Union Pacific Cuts Costs, Raises Profit -- Update
By Paul Ziobro
Union Pacific Corp.'s second-quarter profit rose even as it
shipped less cargo, as the railroad operator got a boost from cost
cuts tied to its new operating plan, including fewer jobs and lower
The railroad said it will continue to slim down as it plans
further job reductions -- as much as 10% for the full year -- and
other productivity measures amid a weak freight shipping
environment, in which volume is expected to fall 2% in the second
half of 2019.
Union Pacific is in the midst of a significant overhaul where it
is running fewer, longer trains, sorting railcars less frequently
and reworking operations across its network. Other freight
railroads, including Norfolk Southern Corp. and Kansas City
Southern, are on similar paths, mirroring the changes that CSX
Corp. made on its network in recent years.
The cost reductions are helping as the railroads confront less
business. With trade uncertainty and a weak industrial economy,
freight traffic remains depressed on the railroads, damping
Union Pacific's operating revenue declined 1% to $5.6 billion in
the second quarter as shipping volume fell 4%. But operating
expenses fell 7% as the company reduced its workforce by 8%, or
about 3,500 people, from a year earlier.
Second-quarter business volumes, as measured by total revenue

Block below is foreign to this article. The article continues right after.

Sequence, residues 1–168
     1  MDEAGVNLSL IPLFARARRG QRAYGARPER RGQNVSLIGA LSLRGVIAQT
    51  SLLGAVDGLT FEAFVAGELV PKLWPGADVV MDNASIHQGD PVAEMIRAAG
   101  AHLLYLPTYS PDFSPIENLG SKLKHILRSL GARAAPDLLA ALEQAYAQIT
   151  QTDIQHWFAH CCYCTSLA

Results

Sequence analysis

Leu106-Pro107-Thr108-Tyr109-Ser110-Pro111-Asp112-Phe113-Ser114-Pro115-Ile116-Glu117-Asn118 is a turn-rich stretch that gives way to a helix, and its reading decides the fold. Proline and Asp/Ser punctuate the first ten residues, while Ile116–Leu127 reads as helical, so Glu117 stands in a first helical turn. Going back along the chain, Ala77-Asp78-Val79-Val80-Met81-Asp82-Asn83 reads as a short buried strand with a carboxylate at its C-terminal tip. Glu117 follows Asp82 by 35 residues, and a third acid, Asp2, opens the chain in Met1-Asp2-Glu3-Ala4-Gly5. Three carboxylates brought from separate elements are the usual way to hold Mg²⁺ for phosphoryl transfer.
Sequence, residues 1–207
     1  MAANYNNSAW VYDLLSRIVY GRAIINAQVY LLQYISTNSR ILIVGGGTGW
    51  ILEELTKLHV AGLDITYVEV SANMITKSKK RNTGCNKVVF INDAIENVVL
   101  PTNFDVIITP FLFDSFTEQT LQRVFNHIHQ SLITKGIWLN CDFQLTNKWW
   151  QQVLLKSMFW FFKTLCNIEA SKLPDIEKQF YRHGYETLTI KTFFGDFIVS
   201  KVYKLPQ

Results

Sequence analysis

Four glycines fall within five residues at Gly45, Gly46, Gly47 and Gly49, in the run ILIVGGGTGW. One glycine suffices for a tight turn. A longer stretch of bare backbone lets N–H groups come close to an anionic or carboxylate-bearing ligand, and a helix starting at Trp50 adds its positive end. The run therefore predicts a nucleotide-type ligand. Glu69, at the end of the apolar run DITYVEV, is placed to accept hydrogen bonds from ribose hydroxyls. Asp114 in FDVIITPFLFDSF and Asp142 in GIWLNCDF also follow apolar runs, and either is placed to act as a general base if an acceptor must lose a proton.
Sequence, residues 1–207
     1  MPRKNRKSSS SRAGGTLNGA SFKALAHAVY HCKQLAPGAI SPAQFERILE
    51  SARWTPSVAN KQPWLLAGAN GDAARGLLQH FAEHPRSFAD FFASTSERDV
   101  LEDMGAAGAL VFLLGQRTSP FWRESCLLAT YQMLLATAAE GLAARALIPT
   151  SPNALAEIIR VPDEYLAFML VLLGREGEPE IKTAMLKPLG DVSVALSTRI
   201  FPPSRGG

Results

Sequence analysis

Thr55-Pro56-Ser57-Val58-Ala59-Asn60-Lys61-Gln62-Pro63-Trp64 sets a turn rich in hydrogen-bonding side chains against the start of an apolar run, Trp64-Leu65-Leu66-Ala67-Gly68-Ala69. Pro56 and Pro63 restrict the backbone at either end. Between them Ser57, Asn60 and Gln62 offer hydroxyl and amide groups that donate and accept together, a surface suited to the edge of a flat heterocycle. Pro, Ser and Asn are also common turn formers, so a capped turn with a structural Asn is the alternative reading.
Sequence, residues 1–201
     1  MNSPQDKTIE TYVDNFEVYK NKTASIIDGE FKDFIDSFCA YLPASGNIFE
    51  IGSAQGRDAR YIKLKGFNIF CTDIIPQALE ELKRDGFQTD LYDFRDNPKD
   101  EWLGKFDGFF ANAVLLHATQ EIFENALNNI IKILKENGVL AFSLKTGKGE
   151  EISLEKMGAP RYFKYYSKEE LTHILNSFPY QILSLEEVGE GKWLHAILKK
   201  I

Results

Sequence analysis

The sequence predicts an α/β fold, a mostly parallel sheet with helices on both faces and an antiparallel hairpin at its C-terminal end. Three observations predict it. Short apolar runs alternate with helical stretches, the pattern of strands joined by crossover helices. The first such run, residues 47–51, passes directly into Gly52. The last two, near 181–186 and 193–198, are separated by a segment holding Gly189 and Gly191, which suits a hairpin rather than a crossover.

carloads, declined 4%. Industrial volumes increased, shipments of
agricultural products were flat, and energy and agricultural
Profit rose 4% to $1.57 billion, or $2.22 a share, from $1.51
billion, or $1.98 a share, a year earlier.
The changes resulted in an operating ratio -- a closely watched
metric that measures the percentage of revenue consumed by
expenses, where a lower figure represents an improvement -- of
59.6%. The performance came even as Union Pacific dealt with severe
weather, including flooding that kept part of its network down.
While such changes, including idling hundreds of locomotives and
deep job cuts, can be disruptive to railroads and their customers,
Union Pacific says it continues to make changes carefully and by
communicating closely with shippers.
"We're trying to do this in a systematic manner instead of
blowing it up, " Union Pacific Chief Operating Officer Jim Vena
said. "We're getting out in front of it. We tell the customer what
--Aisha Al-Muslim contributed to this article.
Write to Paul Ziobro at Paul.Ziobro@wsj.com
(END) Dow Jones Newswires
July 18, 2019 14:13 ET (18:13 GMT)
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